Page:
“Who do you want to determine personhood?” Bob Bird, chairman of the Alaskan Independence Party and past president of Alaska Right to Life, said in a Sept. 29 debate. “Unelected judges or your friends and neighbors or their elected representatives in the Legislature?”
Opponents frame the question in terms of reproductive choice.
“Right now, our Alaska Constitution is the only guarantor of that fundamental right,” Joelle Hall, president of Alaska AFL-CIO and co-chair of the Defend Our Constitution campaign, said in the Sept. 29 debate.
Alaska legislators have never used their power to call a constitutional convention. After voters approved one in 1970, a court ruled the ballot language was misleading. The electorate said no in 1972 and in every decade since.
A 2021 state Senate resolution (SJR 4) sought to overturn an Alaska Supreme Court ruling that said the state Constitution’s privacy provisions encompass abortion rights. It proposed a constitutional amendment clearly specifying no right to abortion.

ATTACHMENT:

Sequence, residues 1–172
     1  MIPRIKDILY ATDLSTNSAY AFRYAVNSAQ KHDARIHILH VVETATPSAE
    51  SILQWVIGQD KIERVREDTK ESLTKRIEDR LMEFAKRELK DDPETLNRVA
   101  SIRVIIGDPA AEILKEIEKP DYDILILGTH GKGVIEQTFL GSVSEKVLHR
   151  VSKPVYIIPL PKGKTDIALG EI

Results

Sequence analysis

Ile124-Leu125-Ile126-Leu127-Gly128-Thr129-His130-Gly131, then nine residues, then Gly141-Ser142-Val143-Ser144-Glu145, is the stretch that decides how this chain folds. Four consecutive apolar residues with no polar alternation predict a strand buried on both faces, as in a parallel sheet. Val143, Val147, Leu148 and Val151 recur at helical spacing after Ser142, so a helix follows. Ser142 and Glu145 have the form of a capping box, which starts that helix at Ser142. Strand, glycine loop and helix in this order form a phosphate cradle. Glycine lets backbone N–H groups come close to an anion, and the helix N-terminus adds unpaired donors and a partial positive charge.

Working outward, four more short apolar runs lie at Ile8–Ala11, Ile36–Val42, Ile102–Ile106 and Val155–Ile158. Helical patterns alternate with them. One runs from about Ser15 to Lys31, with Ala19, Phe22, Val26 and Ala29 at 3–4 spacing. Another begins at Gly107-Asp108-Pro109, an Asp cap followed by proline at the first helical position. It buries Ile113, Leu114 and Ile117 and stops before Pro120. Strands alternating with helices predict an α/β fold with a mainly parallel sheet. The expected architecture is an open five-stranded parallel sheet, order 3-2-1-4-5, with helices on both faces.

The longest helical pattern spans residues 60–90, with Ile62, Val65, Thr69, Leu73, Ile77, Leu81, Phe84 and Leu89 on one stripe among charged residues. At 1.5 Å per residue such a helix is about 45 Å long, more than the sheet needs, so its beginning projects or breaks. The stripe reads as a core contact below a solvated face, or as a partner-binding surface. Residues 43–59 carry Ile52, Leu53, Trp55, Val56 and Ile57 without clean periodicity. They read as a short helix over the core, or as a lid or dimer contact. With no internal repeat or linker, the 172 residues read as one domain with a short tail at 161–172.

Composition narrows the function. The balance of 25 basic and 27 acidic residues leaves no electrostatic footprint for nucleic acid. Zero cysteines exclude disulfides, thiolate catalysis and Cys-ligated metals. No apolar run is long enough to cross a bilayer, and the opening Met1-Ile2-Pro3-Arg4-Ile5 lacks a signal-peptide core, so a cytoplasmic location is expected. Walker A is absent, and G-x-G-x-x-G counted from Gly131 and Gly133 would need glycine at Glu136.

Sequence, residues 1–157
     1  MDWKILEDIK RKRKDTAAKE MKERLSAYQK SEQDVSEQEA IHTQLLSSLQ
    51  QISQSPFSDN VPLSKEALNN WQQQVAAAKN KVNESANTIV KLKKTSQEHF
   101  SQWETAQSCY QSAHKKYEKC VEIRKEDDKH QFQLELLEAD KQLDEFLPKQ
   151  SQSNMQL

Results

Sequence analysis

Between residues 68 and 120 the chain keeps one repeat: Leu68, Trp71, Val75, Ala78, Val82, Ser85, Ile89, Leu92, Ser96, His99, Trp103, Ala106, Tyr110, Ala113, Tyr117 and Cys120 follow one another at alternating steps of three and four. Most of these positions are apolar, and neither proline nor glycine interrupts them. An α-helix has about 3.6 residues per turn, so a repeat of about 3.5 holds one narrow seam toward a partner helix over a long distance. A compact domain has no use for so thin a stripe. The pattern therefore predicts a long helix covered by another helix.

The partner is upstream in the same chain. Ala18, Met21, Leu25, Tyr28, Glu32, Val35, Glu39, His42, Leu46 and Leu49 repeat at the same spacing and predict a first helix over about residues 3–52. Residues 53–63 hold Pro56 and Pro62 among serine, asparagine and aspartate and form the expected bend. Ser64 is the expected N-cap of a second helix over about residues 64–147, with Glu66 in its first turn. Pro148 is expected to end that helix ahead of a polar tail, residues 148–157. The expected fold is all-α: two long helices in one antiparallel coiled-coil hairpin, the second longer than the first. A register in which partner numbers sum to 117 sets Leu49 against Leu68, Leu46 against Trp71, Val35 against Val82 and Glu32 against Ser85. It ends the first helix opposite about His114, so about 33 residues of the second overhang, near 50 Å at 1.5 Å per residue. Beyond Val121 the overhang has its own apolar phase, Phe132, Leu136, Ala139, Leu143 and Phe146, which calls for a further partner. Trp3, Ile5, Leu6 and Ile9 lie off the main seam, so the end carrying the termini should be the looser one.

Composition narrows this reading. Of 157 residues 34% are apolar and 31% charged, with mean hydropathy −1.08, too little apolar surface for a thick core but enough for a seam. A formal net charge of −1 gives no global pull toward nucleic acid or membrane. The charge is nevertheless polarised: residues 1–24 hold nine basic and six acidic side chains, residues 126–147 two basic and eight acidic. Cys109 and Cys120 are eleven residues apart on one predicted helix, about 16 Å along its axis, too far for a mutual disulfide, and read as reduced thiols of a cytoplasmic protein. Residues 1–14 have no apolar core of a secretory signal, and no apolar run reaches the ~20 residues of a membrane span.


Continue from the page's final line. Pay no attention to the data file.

The measure never made it to a floor vote.
If a majority of Alaska voters say “yes” to a constitutional convention on Nov. 8, next would come a vote to choose convention delegates, either in the next statewide election or in a special election. The final step would be a statewide vote on whether to ratify the convention’s proposed changes.
The group Defend Our Constitution, a bipartisan coalition of unions, local governments, economic development organizations, and other convention opponents, has reported raising roughly $2.8million and spending about $1.8 million so far on campaign activities and digital and broadcast ads, according to state disclosure data.
That total includes $500,000 from the National Education Association and $1 million from the Washington, D.C.-based Sixteen Thirty Fund.
In television spots the group has paid to air in the state’s top three media markets, a worker in a hard hat and safety vest warns that Alaskans’ rights to hunting and fishing, privacy, public land access, and guns could face drastic changes if a “risky” constitutional convention is held.